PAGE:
Last edited: Dec 21, 2005
  2. jcsd
  3. Dec 20, 2005 #2
    Most of my quotes are paraphrases, but not too far off from what he said. I thought he brought up many important points. I have not put my personal opinon in the above text, it is just a summation of what was discussed on the show. I don't think I left anything out, but feel free to comment.
    Last edited: Dec 21, 2005
  4. Dec 21, 2005 #3


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    I listen to Rose's program occasionally - http://www.charlierose.com/.

    I also read Friedman's column in the NY Times and his books, and he has considerable experience in reporting on international affairs.

    I agree that the US government is spending comparatively little on basic research, and it tends to fund research by organizations and industries which are politcally connected to the either political party or contibute rather conspicuously to political campaigns.

    However, corporations have cut funding because R&D comes out of the profits which otherwise go, not to shareholders, but to corporate managers.

    I am pleased with elections in Iraq, I simply disagree with the methods by which we arrived at this point.

    The EU needs to stop playing games with Turkey. The EU already has a large Islamic community, and they just happen to live next door to North Africa and Middle East - so they better learn to work cooperatively with the Islamic nations.

    China's economy is growing and along with it energy demands. China built the Three Gorges Hydroelectric Plants by damming the Yangtze River. In the process, a large area of land, including many communities were submerged, and millions of people displaced. China has been using coal for energy, and they care not for pollution control. Consequently, some areas of China are heavily polluted not only with coal dust and soot, but with heavy metals as well.

    China will likely invest in many advanced nuclear power plants - perhaps on the order of 40 or so, each of 1000+ MWe. I agree with Friedman's assessment though - there are bumps in the road - for China, US and other economies.
  5. Dec 21, 2005 #4
    A thing I forgot to mention, which I thought was great. In the program, he tells Charlie a story about a time when he was in London? in a theater. A man from Turkey came up to him and introduced himself. He said how he liked one of Friedman's articles in particular and shared it with all his friends. Friedman said, "Oh, really?! Which one?" And the man tells him, "well, there was one you wrote called "where the birds don’t fly." And Friedmen goes on to say how he tried to remember what that article was about. Then he tells Charlie, "so I went back and read the article I wrote some time ago. It was about the terrorists that drove the car bomb into the British Embassy in Turkey". He said, "have you ever seen those horror movies, with the scary old houses on the top of a hill? If you go to Turkey, the US Embassy is in an old building, literally on top of a mountain. It’s surrounded by 20 foot high walls and barbed wire. It gives off the message 'GO AWAY.' When they captured the terrorists, they interviewed them. The terrorists confessed that they wanted to bomb the US Embassy, but that it was too heavily secured. He told the interrogator, 'The Americans....the Americans Embassy is so secure that not even bird’s fly over there...' ". I thought that was a great little story.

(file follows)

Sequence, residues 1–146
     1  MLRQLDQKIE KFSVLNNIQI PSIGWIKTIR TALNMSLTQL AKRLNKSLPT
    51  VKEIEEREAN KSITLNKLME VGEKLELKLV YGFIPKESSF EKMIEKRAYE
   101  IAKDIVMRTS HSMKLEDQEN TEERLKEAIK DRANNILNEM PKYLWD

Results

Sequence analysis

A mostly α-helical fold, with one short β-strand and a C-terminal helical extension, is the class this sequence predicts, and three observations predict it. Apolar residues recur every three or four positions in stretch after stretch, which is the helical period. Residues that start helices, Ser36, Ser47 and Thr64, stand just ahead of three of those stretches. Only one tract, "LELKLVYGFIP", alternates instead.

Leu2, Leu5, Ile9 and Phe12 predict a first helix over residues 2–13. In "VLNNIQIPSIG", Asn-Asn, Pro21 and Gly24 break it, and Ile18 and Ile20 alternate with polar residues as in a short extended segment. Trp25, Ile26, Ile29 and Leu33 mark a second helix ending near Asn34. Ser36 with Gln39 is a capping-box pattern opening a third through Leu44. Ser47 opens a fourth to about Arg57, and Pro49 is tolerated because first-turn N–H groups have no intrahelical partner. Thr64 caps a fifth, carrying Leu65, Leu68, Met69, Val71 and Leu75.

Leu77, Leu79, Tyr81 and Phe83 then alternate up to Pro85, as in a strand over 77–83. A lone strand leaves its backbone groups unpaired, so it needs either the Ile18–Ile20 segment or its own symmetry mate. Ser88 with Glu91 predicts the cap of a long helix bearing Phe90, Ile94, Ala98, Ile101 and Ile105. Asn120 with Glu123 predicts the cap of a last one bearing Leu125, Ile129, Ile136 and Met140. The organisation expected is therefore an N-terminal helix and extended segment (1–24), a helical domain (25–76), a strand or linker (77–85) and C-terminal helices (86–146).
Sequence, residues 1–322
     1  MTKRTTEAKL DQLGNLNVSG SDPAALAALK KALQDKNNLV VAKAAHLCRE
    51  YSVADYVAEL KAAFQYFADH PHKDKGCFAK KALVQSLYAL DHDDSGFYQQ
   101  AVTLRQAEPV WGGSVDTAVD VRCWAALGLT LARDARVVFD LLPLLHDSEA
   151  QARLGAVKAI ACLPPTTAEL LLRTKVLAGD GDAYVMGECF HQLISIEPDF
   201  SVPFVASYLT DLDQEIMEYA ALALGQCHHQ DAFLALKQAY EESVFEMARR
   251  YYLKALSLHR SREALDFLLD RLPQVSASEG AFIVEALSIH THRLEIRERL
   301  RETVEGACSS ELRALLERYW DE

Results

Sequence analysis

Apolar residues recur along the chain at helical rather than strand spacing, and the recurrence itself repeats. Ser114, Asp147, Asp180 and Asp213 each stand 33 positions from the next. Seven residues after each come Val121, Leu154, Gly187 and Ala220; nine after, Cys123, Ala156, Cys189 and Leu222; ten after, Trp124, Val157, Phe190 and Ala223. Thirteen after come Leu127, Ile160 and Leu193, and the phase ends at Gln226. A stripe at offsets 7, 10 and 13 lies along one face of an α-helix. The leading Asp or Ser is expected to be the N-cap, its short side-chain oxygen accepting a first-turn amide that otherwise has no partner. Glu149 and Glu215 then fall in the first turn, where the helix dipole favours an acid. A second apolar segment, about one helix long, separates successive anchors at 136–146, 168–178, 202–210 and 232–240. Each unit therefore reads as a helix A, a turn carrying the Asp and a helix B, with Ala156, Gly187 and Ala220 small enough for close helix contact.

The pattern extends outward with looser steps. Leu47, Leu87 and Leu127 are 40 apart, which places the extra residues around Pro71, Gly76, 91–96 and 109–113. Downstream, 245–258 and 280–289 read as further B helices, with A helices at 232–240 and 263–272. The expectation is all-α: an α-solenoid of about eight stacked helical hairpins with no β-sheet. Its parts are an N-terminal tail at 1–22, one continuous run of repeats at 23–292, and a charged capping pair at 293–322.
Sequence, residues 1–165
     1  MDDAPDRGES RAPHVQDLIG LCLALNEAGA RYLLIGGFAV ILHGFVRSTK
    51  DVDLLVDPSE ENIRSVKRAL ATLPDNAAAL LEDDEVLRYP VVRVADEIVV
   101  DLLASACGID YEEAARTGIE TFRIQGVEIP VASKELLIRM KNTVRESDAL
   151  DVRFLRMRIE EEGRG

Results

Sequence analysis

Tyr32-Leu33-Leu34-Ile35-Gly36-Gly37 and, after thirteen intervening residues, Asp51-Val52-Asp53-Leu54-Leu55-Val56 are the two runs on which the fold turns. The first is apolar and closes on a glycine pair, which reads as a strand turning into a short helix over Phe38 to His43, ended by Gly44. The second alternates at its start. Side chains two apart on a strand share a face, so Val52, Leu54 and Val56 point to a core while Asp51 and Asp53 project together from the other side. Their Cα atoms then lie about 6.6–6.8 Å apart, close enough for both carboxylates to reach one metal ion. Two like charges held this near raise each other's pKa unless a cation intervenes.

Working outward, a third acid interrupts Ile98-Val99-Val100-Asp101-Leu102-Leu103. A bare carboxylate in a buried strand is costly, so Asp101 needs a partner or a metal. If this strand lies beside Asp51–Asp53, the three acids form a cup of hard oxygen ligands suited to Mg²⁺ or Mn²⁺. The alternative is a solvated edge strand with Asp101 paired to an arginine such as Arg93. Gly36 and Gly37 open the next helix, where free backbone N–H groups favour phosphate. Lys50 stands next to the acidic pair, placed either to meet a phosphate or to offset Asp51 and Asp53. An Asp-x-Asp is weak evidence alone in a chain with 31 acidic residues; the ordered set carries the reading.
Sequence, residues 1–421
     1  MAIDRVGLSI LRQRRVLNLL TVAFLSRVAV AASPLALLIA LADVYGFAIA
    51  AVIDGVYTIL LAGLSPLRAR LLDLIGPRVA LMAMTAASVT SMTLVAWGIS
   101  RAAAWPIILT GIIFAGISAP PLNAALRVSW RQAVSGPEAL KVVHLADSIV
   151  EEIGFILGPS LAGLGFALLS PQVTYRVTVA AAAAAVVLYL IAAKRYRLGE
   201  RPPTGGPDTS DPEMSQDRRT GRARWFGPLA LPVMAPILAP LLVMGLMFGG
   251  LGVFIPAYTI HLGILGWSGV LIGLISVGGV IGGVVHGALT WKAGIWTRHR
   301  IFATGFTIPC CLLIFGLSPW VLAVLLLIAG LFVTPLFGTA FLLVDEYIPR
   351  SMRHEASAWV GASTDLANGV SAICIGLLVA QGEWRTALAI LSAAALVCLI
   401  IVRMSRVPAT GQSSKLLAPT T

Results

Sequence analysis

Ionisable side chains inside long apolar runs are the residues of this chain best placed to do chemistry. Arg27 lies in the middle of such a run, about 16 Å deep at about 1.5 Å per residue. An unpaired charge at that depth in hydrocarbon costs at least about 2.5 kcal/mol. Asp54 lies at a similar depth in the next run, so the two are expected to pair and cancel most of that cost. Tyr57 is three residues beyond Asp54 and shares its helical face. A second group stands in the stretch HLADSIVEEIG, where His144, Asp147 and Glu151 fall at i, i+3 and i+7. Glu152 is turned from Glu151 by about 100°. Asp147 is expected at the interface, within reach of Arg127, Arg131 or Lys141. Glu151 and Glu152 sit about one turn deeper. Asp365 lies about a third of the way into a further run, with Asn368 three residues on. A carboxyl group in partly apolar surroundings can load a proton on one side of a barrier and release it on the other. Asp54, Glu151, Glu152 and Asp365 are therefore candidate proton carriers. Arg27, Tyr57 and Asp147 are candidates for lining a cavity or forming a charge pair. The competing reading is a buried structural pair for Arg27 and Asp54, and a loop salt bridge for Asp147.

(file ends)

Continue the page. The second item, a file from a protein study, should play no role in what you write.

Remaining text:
Last edited: Dec 21, 2005
  6. Dec 21, 2005 #5


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    With respect to the elections in Iraq, they are somewhat tarnished by the fact that the Sunnis or Sunni leadership are challenging their legitimacy.

    Sunnis Reject Early Iraq Election Results, Calling for Inquiry
    by Edward Wong, NY Times, December 21, 2005